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Sunday 26 April 2020
Third Sunday of Easter
This week's REFLECTION
'Supper at Emmaus', Michelangelo Merisi da Caravaggio (1571-1610)

Acts 2.14a-36-41 · Psalm 116 · 1 Peter 1.17-23 · Luke 24.13-35

‘Oh, how foolish you are...’ (John 20:v25)

Do you feel the mutual exasperation in this story? When the disciples meet the risen Jesus, they cannot believe that he does not know the news. Indeed, they are so surprised as they have to stop walking to be able to tell him. But the risen Jesus is even more direct back. ‘Aaagh!’ might be a good translation of ‘Oh!’ (v.25). He then describes them as being ‘without understanding’, ‘obtuse’, ‘dull’, ‘slow’. ‘Dumb’ might be a good coloquial translation.
I am grateful that we have glimpses of the exasperation of Jesus, including the risen Jesus. As a theological educator and a parish priest, I experience lots of exasperation…as indeed do my students and parishioners at times! Sometimes, we are just too slow to ‘get it’. And while I do not excuse my own bad temper or pomposity, a little plain speaking together might help the Church to become a more honest institution, as well as a more effective one…
But Jesus does not leave it there. Loving-patience is the undergirding value and he works with those dopey disciples until they begin to ‘get it’ and then there is that unforgettable moment of recognition and reconciliation.
Plain talking and deep loving don’t have to be opposites. ‘Speaking the truth in love’ can be a cover for verbal abuse. Or it can be a moment of mutual love in Christ.
Alan Bartlett
Keeping in touch with your Church

If you wish to contact the Parish Office for any reason, please do not hesitate to contact us by using the Parish Mobile as all members of staff continue to work from home.
Parish Mobile 07842 486514
...and don't forget to access our news and notices through our website
...and you can find our online services LIVE on Facebook
...or RECORDED on our Youtube Channel
... and lots more on our Twitter Page
Live weekday services return this week

With an electrical fault and broadband failure at the Rectory now repaired, Fr. Nicholas will be resuming live services from the Rectory this week.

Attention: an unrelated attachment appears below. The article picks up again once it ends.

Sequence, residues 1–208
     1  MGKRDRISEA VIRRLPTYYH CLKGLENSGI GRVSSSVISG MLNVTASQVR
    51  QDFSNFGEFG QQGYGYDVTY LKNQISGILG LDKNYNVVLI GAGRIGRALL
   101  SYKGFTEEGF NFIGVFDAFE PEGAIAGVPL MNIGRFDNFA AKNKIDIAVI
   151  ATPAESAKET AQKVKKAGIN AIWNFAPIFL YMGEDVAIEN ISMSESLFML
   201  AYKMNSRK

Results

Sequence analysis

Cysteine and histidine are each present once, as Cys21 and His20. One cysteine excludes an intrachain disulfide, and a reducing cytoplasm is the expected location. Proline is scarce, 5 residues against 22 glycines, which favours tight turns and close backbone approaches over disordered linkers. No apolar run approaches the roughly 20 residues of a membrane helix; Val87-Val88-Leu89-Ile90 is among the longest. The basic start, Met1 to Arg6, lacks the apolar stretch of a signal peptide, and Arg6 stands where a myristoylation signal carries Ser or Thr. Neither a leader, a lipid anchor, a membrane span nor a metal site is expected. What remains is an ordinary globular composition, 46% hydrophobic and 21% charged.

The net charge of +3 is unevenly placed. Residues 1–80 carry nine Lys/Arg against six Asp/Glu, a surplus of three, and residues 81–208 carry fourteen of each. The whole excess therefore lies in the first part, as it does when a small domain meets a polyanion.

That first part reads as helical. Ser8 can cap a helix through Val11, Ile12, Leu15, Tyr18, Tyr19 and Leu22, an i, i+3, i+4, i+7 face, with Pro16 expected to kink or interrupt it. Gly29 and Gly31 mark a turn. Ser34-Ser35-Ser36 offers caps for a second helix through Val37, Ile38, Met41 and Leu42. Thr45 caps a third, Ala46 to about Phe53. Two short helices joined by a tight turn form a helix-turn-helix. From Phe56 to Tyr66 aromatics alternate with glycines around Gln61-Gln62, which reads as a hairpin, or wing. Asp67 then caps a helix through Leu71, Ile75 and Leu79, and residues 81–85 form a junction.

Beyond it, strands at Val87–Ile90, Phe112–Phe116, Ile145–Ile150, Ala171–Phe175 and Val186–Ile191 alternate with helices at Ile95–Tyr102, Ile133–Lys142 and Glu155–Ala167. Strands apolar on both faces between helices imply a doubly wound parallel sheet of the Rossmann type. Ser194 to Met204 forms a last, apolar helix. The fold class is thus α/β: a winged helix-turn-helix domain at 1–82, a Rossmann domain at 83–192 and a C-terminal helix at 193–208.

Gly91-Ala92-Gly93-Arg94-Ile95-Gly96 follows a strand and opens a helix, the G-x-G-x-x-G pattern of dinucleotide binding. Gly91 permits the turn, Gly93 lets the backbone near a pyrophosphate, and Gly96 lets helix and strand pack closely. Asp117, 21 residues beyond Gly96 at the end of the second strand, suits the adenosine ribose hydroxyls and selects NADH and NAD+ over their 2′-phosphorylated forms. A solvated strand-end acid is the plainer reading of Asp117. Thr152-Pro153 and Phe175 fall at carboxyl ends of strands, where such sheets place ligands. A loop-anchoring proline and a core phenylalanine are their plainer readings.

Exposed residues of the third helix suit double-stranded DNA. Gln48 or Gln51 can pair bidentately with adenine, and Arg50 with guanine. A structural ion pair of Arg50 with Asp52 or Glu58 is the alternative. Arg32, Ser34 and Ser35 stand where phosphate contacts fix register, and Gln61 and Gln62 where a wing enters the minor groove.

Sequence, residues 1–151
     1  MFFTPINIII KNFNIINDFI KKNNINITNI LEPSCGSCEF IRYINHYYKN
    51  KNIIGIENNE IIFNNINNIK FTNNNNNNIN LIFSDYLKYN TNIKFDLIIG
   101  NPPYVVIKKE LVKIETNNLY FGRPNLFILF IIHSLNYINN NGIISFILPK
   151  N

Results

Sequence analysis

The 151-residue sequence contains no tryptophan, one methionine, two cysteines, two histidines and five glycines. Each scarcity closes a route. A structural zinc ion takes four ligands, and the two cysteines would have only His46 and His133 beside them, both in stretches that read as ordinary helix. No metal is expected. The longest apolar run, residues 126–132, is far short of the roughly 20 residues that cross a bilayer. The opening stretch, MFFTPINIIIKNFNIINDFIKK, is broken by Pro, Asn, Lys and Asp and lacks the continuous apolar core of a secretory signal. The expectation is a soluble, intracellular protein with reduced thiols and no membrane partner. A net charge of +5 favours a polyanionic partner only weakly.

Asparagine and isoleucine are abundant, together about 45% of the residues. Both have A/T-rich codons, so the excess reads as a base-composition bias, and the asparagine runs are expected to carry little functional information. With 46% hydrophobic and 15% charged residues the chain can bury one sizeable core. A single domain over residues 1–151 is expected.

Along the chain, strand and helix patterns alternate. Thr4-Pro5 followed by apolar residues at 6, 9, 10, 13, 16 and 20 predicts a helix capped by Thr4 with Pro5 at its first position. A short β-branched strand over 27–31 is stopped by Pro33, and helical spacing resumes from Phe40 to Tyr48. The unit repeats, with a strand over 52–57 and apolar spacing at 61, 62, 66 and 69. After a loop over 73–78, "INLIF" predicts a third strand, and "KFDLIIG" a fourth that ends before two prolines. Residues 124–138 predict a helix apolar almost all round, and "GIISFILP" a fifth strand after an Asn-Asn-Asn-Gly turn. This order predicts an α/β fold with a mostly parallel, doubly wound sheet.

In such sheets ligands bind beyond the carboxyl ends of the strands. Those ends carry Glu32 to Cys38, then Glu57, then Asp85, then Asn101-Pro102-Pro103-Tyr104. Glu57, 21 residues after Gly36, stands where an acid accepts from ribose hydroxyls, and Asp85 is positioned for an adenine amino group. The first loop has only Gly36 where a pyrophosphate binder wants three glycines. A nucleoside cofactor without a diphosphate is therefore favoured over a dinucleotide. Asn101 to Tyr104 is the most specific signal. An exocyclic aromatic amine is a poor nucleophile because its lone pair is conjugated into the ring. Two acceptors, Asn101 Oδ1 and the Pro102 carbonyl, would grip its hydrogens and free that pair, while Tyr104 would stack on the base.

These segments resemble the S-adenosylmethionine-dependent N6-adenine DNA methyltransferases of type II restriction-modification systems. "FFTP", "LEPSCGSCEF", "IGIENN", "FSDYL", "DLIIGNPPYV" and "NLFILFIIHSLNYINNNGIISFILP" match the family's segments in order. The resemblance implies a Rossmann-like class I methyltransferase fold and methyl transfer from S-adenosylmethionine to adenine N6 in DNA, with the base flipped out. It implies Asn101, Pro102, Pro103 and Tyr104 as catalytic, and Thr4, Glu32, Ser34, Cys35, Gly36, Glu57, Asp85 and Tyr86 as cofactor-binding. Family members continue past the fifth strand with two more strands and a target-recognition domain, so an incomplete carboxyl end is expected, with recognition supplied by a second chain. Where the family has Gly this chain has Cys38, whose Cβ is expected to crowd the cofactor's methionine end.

ABOVE: Diana Gayford celebrating her 100th birthday in happier times in 2017

At 103, Diana Gayford is our oldest Home Communicant living . We  asked Diana, who was born at the end of the First World War and was a young woman in her early Twenties when the Second World War began, how she compared the experience with the Coronavirus Pandemic...

In one important way the war was worse because it was the young people, mostly young men, who were getting killed. In today's situation it is mostly old people who are dying and we old people are going to die in the near future anyway so it is not so important for the country as a whole. However in other ways the war was very different. We all felt we were fighting a just war against something very evil, the Nazi Regime, and we realised that sacrifices had to be made. I remember writing endless letters of sympathy for their loss to the parents of boys I had played with as children or danced with as teenagers and I know those boys all realised the risks they were running and felt they were doing the right thing. In the same way Londoners and other city dwellers faced endless nights of bombing with bravery and cheerfulness and the loss of homes and belongings became relatively unimportant if one was alive and uninjured.

Many good things came about as a result of the war. The traditional class distinctions seemed to fade somewhat and people were valued for what they did rather than where they came from. People were more friendly and even talked to each other and shared sandwiches on trains, something unheard of before the war. Two major issues which altered the future of our country actually came about during the war, The Beveridge Report which fathered The Welfare State including the NHS and the Education Act which promised free secondary education for  everyone in the country.